Violence has a long reach. There's a direct effect of violence on every institution, every member, every child within that community. It damages kids’ cognitive development and academic functioning. So, when violence falls, kids are able to learn, kids are able to focus in school if they're not thinking about the threat of violence.

Then it has an indirect impact because life returns when a community becomes safer. Businesses start to set up shop, families invest in that neighbourhood, it becomes a vibrant place again, and that means more jobs are there, that means more opportunities are nearby. That changes the possibilities for a child as they near adulthood and enter the labour market. All this translates into improved economic outcomes later in adulthood.

You point to research that shows aggressive policing and imprisonment has been part of the story of America's great crime decline, but at immense human cost. You note that while every other kind of violence has fallen since the early 1990s, the rates of police violence remain consistent.

Why hasn't police violence responded to what's happened everywhere else?

We invested heavily in an aggressive style of policing. We asked police departments to go take over city streets and reduce violence by any means necessary. That was a conscious policy decision made in the 1980s and 1990s. It was supported by most Americans. Not everyone, but it had support across the political spectrum. It had support from Black and white Americans. Not universal support, but it did have strong support. 

What has changed over time is that as violence fell, as city streets became safer, the strategies that police departments use didn’t change.

I lay out two policy questions toward the end of the book. The first is how can we make sure that violence keeps falling? The second one is how can we do it with a new approach that doesn't rely on the prison system and the aggressive policing of the past few decades. That's the challenge right now: What's the next model?

What do you make of calls to defund or even abolish the police? In your book, you say that every video of police brutality makes it harder to reimagine a new role for the police. Did the George Floyd video make it impossible?

It might be impossible. There are lots of neighbourhoods where the institution has lost all credibility, and that happened a long time ago. More people are coming to that conclusion now.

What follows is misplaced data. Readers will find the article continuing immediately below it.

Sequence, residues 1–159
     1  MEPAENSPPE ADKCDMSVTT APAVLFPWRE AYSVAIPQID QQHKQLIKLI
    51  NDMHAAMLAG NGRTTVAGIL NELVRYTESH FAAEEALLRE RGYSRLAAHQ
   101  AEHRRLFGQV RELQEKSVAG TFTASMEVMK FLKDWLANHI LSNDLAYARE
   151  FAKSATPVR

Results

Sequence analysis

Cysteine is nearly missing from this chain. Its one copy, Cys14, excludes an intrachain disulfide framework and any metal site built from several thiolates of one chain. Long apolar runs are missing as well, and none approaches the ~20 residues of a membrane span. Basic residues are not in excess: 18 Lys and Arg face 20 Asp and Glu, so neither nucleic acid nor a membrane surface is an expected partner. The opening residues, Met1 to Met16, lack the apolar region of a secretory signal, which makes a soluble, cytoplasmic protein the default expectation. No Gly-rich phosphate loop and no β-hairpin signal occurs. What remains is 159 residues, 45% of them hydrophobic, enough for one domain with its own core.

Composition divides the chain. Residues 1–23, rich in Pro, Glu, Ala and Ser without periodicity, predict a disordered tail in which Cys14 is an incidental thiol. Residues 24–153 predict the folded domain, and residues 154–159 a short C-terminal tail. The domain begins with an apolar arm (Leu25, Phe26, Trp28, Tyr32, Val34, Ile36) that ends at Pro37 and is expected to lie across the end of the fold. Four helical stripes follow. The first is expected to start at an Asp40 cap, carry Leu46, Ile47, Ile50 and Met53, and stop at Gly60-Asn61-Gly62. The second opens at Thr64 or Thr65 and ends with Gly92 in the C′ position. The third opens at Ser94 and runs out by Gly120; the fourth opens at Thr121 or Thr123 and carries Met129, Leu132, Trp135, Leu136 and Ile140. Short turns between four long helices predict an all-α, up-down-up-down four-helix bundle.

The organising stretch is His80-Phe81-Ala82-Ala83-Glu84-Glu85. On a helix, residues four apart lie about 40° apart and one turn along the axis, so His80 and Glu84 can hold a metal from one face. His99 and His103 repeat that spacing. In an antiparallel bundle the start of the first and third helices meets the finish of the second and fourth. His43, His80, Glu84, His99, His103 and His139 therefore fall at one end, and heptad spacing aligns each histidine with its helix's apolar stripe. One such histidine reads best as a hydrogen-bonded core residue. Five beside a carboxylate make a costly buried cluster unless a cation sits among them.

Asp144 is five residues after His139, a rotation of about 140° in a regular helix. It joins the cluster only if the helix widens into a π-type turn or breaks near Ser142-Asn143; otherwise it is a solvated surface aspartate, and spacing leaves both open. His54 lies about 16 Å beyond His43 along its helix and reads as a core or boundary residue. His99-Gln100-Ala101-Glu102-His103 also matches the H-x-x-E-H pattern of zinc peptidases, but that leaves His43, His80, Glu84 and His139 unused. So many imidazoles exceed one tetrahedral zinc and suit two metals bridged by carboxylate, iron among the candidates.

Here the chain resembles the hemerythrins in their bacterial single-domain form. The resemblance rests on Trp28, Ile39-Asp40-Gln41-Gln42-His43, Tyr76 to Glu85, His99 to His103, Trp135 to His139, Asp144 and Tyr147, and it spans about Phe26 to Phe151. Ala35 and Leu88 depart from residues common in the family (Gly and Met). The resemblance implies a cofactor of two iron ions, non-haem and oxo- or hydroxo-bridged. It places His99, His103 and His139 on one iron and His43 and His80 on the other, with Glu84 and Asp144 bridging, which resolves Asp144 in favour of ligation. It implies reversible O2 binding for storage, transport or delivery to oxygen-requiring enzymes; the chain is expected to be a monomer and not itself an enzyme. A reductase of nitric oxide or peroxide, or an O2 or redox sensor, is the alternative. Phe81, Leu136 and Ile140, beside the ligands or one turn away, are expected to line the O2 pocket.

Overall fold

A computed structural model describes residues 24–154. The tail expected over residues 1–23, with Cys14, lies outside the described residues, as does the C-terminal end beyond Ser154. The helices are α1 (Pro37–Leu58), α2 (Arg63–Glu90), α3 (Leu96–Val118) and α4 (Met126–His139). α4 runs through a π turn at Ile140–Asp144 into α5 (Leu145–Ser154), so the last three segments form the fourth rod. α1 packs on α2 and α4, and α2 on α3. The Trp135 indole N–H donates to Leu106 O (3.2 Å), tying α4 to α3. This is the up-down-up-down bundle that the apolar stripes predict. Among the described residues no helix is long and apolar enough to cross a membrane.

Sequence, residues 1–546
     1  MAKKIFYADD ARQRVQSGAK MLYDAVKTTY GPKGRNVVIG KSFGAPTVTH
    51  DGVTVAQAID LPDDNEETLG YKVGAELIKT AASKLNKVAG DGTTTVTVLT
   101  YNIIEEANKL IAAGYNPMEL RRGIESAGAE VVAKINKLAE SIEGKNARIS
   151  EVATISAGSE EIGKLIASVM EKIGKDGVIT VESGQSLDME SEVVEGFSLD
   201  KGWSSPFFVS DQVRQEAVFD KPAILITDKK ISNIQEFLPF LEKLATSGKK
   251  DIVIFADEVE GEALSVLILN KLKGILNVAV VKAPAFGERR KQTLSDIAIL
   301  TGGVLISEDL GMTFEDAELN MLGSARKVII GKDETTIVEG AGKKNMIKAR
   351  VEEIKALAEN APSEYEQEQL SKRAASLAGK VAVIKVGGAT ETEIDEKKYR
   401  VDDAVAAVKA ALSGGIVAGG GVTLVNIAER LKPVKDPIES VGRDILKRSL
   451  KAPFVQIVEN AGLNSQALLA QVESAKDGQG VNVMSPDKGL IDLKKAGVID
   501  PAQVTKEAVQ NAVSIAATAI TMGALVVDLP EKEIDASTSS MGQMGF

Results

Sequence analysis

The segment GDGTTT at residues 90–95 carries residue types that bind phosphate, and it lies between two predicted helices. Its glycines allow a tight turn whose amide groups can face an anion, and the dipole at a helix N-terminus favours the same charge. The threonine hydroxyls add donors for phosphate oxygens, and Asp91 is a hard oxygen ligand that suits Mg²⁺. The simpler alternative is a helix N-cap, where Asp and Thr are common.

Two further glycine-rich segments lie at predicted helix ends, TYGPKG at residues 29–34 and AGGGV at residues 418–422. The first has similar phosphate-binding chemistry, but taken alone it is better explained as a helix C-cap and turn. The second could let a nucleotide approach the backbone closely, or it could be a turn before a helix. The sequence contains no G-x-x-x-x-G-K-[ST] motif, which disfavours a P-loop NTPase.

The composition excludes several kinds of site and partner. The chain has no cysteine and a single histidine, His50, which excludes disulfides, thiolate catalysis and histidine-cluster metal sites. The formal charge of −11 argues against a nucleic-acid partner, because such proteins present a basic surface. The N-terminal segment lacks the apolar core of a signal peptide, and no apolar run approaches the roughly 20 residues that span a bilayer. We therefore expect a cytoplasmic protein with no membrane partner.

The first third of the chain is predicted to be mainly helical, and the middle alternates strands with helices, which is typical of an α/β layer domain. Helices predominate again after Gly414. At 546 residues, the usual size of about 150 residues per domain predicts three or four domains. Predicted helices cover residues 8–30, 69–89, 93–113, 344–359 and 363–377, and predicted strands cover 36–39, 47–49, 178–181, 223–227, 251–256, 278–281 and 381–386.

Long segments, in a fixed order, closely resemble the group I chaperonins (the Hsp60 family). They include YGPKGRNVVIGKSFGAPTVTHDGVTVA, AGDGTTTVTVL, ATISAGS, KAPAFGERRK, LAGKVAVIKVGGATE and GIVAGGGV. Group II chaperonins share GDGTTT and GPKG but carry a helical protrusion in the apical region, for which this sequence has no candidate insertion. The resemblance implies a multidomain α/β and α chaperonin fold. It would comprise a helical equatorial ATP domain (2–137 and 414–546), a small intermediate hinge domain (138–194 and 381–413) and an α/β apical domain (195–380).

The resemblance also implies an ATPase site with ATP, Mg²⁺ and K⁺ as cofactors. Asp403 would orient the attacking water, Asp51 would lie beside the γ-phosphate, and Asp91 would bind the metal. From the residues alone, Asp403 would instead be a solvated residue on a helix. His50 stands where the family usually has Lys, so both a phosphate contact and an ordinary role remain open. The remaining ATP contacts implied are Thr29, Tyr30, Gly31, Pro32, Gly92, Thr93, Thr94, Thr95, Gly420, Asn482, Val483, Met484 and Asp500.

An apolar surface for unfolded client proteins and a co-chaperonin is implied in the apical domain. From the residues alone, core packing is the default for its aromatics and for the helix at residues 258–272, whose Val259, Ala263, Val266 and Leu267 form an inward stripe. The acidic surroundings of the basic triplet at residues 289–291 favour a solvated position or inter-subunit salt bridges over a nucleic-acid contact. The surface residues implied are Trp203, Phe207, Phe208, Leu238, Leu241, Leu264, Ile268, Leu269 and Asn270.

We need a new model to deal with the challenge of violence. If we pursue a policy agenda that is designed to simply exact revenge against the police and try to destroy this institution, we're going to leave cities vulnerable. If we pursue an agenda that just attempts to dismantle the police before an alternative institution is ready to take responsibility, then we run the risk of destabilising neighbourhoods. That's my biggest concern.

Over a longer term, I think the role of the police should be dramatically reduced. We have great evidence that local community organisations, in combination with residents, are at least as if not more effective at controlling violence. They've just never been given the same resources, the same commitment.  

(Justin Sullivan/Getty Images)

At the end of your book, you call for a “war against violence.” To fight that war, investment is needed if these groups are going to take the place of the police. But we seem to be embarking upon a new age of austerity. What could the ramifications for urban violence be if the US Congress fails to support city and state governments?

Austerity is not inevitable, but it doesn't look like this Congress is preparing to invest in state and local governments. It's not inevitable that we're going to see a period of fiscal crisis in cities. That's a policy choice but if that happens, if city budgets are reduced and funding for local community organizations drops, we'll probably see a rise in violence.